Visitors can take a self-guided tour or pay for a guided tour, which becomes better value at 6 participants. They also offer pricey Raptor Experiences that sound like a great experience, but the cost will keep most from enjoying.
Ripley Watrefowl Conservancy Admission: $10
Hours: May thru November 10 am – 4 pm Friday thru Friday
Feed the Birds: 10 am Saturdays
7. St. Michael’s Parish
St. Michael’s Parish stands in stark contrast to Litchfield First Congregation Church with a stone exterior and stained glass windows. The design is more common, so which church you prefer more is in the eye of the beholder.
8. Mount Tom State Park
Mount Tom State Park is a double threat with great swimming and hiking so consider adding this to your list of things to do in Litchfield, CT with kids. The hike up Mt. Tom to the stone lookout tower is best in October to appreciate the fall foliage, but offers great views all year.
The trail isn’t well marked so download the Connecticut map on Maps.me beforehand to follow using GPS. It is a 500’ elevation change over a mile with a peak of 1325’. The lookout tower offers sweeping views over the surrounding landscape, and is worth the effort to reach.
Depending on when you visit, cool off with a dip in Mount Tom Pond. There is a small beach with water access, and lifeguards during the summer. Those with kayaks or paddleboards can launch from the dock.
Although the U.S. is a relatively safe country for travel, medical costs are high so if you’re an international visitor we recommend purchasing travel insurance before any trip. We’ve been using World Nomads through 80+ countries over the past 12 years and have been really happy with their coverage and services.
Mount Tom State Park Entrance Fee: $15 Parking for Non-Residents on Weekends and Holidays
9. Our Lady of Lourdes’ Shrine
Both religious and spiritual minded people will enjoy Our Lady of Lourdes’ Shrine. The outdoor altar and shaded seating is serene and peaceful, and is modeled after the original in Lourdes, France. If you get the chance, consider visiting El Sanctuario de Chimayo in Taos, New Mexico that also has great grounds to explore.
Although mass is held in the grotto during the summer, many visitors come to pray or reflect year-round. If you have spare time, enjoy the grounds and head up the Stations of the Cross hill.
10. Litchfield Hills Audubon Society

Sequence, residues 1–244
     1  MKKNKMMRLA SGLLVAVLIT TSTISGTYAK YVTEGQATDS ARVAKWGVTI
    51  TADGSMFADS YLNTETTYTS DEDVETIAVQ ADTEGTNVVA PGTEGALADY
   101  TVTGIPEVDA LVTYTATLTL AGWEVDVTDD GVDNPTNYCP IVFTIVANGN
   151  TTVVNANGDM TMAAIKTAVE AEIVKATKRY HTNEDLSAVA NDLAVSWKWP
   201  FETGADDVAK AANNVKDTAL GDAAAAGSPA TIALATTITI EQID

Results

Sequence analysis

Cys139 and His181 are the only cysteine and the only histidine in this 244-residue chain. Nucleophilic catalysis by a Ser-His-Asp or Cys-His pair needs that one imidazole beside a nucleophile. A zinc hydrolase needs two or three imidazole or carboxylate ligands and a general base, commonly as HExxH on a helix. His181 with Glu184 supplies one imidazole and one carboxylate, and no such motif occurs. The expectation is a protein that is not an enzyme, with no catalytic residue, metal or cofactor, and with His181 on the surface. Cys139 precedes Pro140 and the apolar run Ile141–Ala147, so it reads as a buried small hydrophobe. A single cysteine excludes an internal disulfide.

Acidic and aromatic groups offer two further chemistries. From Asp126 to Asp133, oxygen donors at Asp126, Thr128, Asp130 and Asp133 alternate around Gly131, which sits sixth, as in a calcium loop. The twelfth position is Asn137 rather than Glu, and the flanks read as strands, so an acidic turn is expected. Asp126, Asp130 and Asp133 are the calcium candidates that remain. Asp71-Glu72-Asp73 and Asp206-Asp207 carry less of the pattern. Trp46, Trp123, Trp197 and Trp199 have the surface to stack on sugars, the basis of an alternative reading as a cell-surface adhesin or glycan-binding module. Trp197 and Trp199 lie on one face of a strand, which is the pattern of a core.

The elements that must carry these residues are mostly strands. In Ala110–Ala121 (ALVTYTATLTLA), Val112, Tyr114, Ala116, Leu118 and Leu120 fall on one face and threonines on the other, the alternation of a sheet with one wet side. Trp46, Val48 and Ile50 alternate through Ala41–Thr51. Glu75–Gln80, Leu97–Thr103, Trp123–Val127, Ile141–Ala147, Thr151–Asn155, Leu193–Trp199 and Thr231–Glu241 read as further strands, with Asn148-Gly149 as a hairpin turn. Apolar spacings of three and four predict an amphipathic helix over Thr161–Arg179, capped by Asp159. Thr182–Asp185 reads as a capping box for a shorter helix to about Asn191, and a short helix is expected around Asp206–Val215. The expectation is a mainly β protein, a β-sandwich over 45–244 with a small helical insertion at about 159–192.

The Litchfield Hills Audubon Society manages three different properties with hiking trails for bird spotting and more. They include Boyd Woods Audubon Sanctuary, Kalmia Sanctuary, and Wigwam Brook Wildlife Sanctuary.
All three places offer options for hiking and water features, but they each have their own specialties. If you can’t visit all three, see below to find the one that suits your interests most.
- Boyd Woods Audubon Society: 106 acres filled with hiking trails
- Kalmia Sanctuary: Best place for birding and a butterfly garden
- Wigwam Brook Wildlife Sanctuary: Chance to see beavers, or at least their nocturnal work
Litchfield Hills Audubon Society also runs many programs so check their calendar to see what is on schedule during your visit.
11. Litchfield First Congregational Church
The Litchfield First Congregational Church reminded me of the Lee Chapel in Lexington, VA. The interior has an old-fashioned wraparound balcony, but is very modest. The white exterior follows suit, but the contrast between the church and surrounding grass, trees, and sky is what makes it remarkable.
It is most notable for having Harriet Beecher Stowe’s father as one of the first ministers of the congretation.
12. Laurel Ridge Farm
The best time to visit Laurel Ridge Farm is during the months of April and early May to see all the daffodils in bloom. There is even an island in the middle of the pond that is covered with daffodils.
13. Haight-Brown Vineyard
Haight-Brown Vineyard was founded in 1975 and is the oldest winery in Connecticut. They are also a founding member of the Connecticut Wine Trail. Unfortunately, Connecticut isn’t known for world class wine and Haight-Brown Vineyard doesn’t change that perception.
That being said, you may still enjoy your visit to the winery. What they lack in quality wine, they make up for with an enjoyable experience. Not only are there cheese and chocolate pairings to go with your wine tasting, but they also have classes to help educate you about wine.
The grounds are also attractive and worth exploration, especially if you can time your visit with one of their big events throughout the year.
Wine Tasting Prices: $12 for 8 Wines and Souvenir Glass; $8 for Cheese Pairing; $7 for Chocolate Pairing
Tours: Saturday at 1 pm; Free
Updated in April 2020